Here is a photo of one of the Golem computers on which Arieh Warshel and Michael Levitt — this year’s Nobel Prize in Chemistry winners, along with Martin Karplus — did much of their original work.

 

Golem computer

Golem computer

My dad was a computer programmer at that time, so I have some idea of what their work must have entailed. To this science writer, that makes their feat nothing short of amazing.

The Golem, by the way, which is preserved in the basement of the Weizmann Institute’s mathematics building, was not the first computer at the Institute. The WEIZAC (below) was built at the Institute in the 1950′s, at a cost of one fifth of the Institute’s budget.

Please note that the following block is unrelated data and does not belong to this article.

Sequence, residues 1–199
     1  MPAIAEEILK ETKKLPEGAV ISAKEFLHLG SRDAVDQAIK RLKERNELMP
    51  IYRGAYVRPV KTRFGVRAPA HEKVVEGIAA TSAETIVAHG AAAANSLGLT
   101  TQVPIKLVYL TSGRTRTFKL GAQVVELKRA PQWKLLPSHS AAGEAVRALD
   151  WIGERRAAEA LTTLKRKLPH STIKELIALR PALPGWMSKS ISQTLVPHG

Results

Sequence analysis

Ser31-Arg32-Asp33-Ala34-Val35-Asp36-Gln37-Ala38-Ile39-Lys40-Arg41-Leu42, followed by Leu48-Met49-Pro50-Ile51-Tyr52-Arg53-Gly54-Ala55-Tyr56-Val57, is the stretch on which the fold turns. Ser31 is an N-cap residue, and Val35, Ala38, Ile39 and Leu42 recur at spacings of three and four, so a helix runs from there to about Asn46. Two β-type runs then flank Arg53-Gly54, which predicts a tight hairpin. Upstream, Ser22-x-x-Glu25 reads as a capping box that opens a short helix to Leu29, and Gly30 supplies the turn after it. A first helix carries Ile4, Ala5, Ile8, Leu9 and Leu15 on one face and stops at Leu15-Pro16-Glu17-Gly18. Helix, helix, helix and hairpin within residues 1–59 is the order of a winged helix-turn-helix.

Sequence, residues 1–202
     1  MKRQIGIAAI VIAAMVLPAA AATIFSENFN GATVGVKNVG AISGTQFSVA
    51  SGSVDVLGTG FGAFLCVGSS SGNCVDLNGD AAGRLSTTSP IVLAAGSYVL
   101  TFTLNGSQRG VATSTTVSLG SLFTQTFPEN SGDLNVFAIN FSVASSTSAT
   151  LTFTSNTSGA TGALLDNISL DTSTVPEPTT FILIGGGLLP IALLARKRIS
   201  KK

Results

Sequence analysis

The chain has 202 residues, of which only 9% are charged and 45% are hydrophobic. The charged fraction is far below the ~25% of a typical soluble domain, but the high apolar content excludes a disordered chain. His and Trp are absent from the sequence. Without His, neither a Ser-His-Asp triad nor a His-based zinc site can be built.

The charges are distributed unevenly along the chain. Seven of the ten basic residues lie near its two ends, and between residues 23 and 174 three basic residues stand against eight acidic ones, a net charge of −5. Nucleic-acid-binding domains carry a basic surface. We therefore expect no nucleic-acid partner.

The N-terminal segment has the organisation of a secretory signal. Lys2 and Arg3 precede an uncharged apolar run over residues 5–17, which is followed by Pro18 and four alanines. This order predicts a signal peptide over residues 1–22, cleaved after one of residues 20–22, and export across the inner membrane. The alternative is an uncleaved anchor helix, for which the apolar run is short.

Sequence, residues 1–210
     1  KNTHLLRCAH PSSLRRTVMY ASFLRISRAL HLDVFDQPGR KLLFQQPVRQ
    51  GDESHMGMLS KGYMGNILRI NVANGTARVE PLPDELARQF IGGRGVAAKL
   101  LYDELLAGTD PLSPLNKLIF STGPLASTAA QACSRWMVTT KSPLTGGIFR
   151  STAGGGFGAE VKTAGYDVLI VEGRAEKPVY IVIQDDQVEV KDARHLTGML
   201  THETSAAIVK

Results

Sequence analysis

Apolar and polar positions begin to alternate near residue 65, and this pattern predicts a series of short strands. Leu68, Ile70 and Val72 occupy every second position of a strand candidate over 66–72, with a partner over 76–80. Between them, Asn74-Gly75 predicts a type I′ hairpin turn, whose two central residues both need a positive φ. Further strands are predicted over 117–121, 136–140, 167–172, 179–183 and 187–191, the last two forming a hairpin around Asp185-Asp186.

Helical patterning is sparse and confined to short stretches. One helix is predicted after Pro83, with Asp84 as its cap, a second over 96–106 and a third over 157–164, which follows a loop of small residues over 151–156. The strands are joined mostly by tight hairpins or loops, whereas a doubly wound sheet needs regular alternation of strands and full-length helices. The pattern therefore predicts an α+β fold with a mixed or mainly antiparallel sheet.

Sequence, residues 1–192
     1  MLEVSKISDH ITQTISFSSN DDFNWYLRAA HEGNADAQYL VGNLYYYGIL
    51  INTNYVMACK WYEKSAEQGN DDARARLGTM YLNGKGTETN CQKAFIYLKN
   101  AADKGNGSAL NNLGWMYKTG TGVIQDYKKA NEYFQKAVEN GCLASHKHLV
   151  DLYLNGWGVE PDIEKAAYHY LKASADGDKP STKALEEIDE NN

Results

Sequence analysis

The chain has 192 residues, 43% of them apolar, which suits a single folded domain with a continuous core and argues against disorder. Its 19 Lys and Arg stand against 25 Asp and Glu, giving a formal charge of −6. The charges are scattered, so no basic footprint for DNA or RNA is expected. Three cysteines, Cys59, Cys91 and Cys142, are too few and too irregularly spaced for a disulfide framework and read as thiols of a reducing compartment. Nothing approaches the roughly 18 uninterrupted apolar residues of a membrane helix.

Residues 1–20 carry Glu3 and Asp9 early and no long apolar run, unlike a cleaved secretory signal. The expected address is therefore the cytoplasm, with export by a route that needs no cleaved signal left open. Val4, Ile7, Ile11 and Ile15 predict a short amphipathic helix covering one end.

WEIZAC

WEIZAC

Comments

  1. #1 AJ
    October 11, 2013

    Did they at least have a card reader?

    • #2 Weizmann Science Writer
      October 12, 2013

      I’m pretty sure that by the end of the 1960s they would have been using printouts on “computer paper” — those long perforated stacks with the holes on the edges.

  2. […] a sense, our souls as well, by pumping punchcards into what was then among the world’s most potent computers (dubbed Golem in memory of a powerful, soulless giant of medieval Jewish folklore) at […]